While we can all agree that Wilmington, NC has much to offer to provide a great quality of life, I think we can all also agree that as far as the job market, good paying jobs are not readily available. As such, many people become entrepreneurs and closely held businesses are common. Unfortunately, “Mom and Pop” in these businesses get a divorce and dividing the business interest is difficult.
The business must be valued during the divorce process and this can be a major source of disagreement. While theoretically, the spouses could agree on a value, usually an independent qualified business valuator is hired and the valuator uses one of three approaches to value the business; the asset approach, the income approach or the market (sale value) approach. Valuations are expensive, so agreeing on using just one valuation, two valuations (and splitting the difference) or even three valuations (and using the middle value) is often the first round of negotiations. If only one valuation is obtained, as you can imagine, one of the parties often thinks the value is too high or too low. Agreeing to sticking with whatever the outcome may be, no matter the approach used, is step one.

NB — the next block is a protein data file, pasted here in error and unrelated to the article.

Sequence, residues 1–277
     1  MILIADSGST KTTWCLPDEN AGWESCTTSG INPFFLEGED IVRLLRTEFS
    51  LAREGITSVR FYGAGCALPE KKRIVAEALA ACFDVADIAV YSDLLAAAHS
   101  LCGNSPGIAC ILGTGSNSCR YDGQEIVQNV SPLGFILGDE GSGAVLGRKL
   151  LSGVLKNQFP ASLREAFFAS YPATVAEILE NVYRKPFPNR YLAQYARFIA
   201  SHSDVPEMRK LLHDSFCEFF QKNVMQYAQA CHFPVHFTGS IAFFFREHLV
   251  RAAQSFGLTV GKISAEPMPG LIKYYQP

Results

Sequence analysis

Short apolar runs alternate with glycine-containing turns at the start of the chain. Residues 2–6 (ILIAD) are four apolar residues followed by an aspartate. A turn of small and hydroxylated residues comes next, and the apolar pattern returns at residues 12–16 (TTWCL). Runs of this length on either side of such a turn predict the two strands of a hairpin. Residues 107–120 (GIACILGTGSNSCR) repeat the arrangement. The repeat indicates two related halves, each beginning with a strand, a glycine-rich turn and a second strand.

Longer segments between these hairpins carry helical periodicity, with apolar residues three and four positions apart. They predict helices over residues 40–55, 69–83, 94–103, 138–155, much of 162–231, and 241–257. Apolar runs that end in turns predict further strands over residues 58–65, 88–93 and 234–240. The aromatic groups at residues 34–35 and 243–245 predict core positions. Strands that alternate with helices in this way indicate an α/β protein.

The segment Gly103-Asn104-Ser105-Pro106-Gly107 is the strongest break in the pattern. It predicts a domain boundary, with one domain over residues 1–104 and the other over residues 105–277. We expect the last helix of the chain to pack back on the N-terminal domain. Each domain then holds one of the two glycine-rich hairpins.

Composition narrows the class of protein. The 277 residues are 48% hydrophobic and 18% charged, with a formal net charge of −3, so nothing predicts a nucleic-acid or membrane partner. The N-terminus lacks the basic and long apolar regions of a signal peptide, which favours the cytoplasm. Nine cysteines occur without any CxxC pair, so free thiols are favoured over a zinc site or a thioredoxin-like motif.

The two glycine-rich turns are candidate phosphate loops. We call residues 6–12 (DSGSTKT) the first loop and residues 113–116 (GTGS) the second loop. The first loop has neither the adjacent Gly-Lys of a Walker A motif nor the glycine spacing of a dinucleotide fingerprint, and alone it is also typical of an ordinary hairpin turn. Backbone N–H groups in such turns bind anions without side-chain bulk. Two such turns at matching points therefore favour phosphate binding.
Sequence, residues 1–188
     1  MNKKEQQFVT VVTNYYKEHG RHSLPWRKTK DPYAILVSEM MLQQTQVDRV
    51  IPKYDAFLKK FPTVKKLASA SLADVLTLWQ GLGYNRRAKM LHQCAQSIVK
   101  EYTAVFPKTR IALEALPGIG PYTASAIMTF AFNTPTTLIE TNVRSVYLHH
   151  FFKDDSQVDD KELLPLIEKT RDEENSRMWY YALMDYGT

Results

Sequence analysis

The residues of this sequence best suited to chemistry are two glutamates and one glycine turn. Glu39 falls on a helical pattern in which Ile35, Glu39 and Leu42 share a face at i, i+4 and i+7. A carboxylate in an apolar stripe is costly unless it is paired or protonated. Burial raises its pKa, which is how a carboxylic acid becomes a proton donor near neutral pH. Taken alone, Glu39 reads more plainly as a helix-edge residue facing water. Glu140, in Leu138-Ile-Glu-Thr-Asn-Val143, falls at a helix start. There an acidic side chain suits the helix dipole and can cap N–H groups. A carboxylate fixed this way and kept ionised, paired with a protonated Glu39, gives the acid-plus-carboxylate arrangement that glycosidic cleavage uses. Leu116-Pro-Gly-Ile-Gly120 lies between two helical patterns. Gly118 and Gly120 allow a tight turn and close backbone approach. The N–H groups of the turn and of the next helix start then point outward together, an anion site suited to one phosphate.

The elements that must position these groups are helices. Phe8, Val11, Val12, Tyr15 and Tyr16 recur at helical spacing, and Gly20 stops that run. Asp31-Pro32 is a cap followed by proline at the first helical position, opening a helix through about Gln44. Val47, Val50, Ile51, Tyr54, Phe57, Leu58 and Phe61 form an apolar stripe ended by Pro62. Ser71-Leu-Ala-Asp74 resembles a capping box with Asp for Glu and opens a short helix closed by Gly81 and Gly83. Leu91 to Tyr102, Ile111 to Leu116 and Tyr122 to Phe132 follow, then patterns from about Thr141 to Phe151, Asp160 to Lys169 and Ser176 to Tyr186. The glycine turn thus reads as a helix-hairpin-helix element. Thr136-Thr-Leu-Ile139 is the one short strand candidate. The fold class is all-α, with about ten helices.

Generally, one of three things can happen when dividing a closely held business:
- The business is sold and the assets are divided.
- One spouse buys out the other spouse’s interest; or
- Both spouses continue to operate the business together.
Each of these options has obvious drawbacks. Selling the business, which may not be worth as much as an ongoing business, may also lower the income available to support themselves or to provide child or spousal support. Also, the business may not be very marketable and the economic conditions may not be good. If there is a buy-out, where does that money come from? Sometimes other martial assets can be used or it may be necessary to agree on a structured settlement (a promissory note). When there is a buy-out, avoiding tax consequences is important so getting proper tax advice during the process is important. Operating a business together in a professional manner after divorce is, well, not very popular or easy, but could be done if both spouses are amicable, trusting and respectful.
Finally, if the closely held business is an LLC, for example, (which is very common), it is essentially a separate entity. Appropriate legal advice is necessary when creating an agreement so that the separate entity is not being instructed towards an action in the divorce proceeding when that separate legal entity is not a party to the divorce. Care should be taken to “join” the separate legal entity in the divorce proceeding, if necessary, so the parties don’t end up going back to court.